Help us identify the most trusted financial companies in the UK and we'll give you a free magazine and the chance to win £1,000 in cash.
Top 10 UK retirement hotspots revealed
Christchurch in Dorset has been named as the UK's retirement capital, with retirees making up 30% of its population, according to Prudential.
That compares to a national average of 16%, and a national low of 6% in the London Borough of Tower Hamlets.
The West Country is home to several other retirement hotspots such as West Somerset (29%), East Devon (28%), East Dorset (28%) and West Dorset (27%).
On a regional basis, the South West of England is the most desirable among those who have retired, with 20% of over 65s choosing to live there. London, on the other hand, is the least desirable. It has 17 of the 20 local authorities with the lowest proportion of pensioners in the country.
Vince Smith-Hughes, retirement expert at Prudential, said: "The latest census results [upon which Prudential's analysis is based] throw a light on the most and least popular places to retire. Perhaps unsurprisingly, there's a tendency for people to move out to the country when they stop working, where property prices can be lower and the quality of life is often thought to be higher."
He added: "However, people planning to stop working shouldn't assume that a move to the country is the simple answer to a comfortable retirement, as the cost of living in these hot spots can be surprisingly high. People looking to secure the best possible quality of life after work should seek assistance from a financial adviser or retirement specialist to help maximise their income. It is also important to start saving as much as possible as early as possible in your working life towards your retirement."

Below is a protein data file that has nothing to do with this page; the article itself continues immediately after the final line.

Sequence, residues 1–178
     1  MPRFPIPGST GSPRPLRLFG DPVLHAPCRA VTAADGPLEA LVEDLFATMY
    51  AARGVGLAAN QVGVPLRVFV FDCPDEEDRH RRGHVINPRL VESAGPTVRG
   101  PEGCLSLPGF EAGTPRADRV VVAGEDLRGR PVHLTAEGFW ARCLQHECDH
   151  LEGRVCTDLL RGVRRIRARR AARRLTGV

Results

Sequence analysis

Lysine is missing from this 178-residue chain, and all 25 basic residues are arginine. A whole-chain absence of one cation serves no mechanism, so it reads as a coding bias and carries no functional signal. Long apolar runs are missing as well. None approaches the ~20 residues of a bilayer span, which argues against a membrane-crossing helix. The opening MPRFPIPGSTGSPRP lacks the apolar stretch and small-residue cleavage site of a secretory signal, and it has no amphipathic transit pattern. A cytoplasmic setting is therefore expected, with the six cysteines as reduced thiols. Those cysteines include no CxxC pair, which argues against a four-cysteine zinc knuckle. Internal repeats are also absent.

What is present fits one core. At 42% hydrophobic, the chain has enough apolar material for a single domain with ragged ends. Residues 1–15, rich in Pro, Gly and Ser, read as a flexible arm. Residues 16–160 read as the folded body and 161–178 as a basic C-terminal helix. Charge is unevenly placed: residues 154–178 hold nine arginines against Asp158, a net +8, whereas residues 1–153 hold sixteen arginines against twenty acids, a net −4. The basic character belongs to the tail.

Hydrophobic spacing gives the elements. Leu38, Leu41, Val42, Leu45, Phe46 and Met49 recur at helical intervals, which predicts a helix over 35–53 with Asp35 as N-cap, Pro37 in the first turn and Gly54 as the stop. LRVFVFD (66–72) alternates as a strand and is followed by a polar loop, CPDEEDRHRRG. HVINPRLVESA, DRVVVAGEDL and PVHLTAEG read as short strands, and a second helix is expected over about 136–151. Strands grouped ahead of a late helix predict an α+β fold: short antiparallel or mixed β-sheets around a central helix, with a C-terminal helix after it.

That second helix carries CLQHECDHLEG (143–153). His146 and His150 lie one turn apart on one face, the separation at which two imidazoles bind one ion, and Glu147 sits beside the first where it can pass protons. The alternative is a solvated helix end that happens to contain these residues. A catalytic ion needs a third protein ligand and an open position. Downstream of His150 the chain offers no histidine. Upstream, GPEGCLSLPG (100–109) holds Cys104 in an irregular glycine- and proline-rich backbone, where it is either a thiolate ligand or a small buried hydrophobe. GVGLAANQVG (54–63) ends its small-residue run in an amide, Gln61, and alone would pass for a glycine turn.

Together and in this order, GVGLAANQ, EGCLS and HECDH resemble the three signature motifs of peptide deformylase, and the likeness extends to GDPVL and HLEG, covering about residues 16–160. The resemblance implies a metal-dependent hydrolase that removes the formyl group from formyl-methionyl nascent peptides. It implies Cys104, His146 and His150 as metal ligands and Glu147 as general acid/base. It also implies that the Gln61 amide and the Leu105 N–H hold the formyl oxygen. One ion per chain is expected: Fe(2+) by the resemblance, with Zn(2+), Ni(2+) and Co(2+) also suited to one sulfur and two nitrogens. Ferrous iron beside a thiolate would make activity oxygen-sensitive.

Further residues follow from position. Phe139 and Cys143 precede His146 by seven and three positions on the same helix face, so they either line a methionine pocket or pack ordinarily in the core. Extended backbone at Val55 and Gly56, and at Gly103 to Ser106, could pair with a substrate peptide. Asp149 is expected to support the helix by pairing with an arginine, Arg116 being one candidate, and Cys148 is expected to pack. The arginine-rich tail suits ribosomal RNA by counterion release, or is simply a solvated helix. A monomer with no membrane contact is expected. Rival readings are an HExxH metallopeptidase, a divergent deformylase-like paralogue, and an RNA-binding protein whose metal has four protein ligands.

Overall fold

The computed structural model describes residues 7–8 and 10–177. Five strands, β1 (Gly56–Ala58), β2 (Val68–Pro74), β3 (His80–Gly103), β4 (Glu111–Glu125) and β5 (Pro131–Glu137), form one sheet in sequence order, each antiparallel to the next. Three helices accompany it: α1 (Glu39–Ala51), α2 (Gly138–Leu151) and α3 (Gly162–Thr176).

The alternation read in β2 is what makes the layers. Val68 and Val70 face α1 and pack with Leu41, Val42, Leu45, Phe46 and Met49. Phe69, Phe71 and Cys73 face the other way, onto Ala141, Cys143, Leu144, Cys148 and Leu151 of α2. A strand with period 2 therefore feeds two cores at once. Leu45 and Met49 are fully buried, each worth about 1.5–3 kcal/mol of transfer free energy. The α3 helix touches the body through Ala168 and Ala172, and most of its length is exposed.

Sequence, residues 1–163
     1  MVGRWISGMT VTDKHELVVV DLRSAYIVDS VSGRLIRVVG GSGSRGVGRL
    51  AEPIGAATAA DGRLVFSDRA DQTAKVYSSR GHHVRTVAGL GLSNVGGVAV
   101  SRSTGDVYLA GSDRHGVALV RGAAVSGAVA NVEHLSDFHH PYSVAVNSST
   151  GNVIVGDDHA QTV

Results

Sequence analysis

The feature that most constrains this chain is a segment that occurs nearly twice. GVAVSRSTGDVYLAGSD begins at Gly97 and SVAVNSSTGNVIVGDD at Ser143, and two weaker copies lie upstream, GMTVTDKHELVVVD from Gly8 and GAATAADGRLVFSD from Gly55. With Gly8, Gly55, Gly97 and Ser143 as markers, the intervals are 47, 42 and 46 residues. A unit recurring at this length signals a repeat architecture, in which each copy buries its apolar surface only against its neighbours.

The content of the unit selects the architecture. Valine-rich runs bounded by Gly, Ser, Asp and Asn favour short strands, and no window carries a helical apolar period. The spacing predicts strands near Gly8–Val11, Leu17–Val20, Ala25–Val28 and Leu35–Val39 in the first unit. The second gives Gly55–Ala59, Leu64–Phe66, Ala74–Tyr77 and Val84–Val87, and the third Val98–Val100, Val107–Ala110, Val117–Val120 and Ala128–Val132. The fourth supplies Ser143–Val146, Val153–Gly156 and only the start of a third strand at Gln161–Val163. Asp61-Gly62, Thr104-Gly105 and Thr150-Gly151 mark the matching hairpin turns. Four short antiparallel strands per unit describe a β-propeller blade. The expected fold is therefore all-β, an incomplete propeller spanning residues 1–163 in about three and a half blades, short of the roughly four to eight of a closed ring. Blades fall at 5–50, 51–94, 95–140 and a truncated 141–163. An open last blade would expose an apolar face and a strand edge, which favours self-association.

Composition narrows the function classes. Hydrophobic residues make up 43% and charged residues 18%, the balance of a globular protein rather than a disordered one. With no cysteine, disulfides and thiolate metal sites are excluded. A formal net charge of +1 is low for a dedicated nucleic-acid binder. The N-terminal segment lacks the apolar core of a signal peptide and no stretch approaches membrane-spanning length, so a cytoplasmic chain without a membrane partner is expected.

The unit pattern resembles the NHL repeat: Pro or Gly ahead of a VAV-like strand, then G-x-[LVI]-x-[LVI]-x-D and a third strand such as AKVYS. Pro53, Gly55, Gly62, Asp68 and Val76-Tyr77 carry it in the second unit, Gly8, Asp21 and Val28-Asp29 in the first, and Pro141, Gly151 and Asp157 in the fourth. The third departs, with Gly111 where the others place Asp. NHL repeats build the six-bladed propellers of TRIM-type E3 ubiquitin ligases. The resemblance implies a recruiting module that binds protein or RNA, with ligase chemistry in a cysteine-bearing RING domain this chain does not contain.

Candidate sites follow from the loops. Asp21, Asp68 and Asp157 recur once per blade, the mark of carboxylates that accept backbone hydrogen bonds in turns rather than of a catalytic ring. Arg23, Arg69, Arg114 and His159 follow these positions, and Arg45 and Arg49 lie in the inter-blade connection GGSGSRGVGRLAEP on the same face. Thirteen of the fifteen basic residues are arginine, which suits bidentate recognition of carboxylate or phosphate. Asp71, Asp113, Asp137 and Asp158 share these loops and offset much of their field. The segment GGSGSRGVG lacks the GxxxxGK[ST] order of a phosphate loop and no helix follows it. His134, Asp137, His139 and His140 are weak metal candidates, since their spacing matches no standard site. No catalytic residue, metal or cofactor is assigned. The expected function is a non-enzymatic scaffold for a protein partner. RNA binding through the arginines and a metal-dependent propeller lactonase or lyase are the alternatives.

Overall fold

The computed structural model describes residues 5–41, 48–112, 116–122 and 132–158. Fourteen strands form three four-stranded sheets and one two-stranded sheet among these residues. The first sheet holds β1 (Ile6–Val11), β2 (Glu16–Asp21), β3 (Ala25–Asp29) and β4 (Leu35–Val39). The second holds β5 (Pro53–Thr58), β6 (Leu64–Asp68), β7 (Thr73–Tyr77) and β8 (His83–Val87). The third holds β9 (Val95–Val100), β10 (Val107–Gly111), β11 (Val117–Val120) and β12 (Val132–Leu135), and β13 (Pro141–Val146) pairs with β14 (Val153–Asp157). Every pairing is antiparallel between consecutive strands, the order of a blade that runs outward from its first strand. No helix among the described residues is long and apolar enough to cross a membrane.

Top 10 UK retirement hotspots
1. Christchurch, Dorset, 29.7% (percentage retired)
2. West Somerset, 29.1%
3. North Norfolk, 28.8%
4. Rother, East Sussex, 28.4%
5. East Devon, 28.2%
6. East Dorset, 27.9%
7. Tendring, 27%
8. West Dorset, 26.5%
9. Arun, West Sussex, 26.3%
10. East Lindsey, 26%
In exchange for any lump sum – usually your pension fund – an annuity is “bought” from an insurance company and provides an income for life. When you die, the income stops. Annuity rates fluctuate daily and depend on your sex (although from 21 December 2012 insurers will no longer be able to use gender as a factor when calculating annuities), age, health and a number of other factors, so you have to pick the right one and, once bought, its terms cannot be altered, so seek financial advice.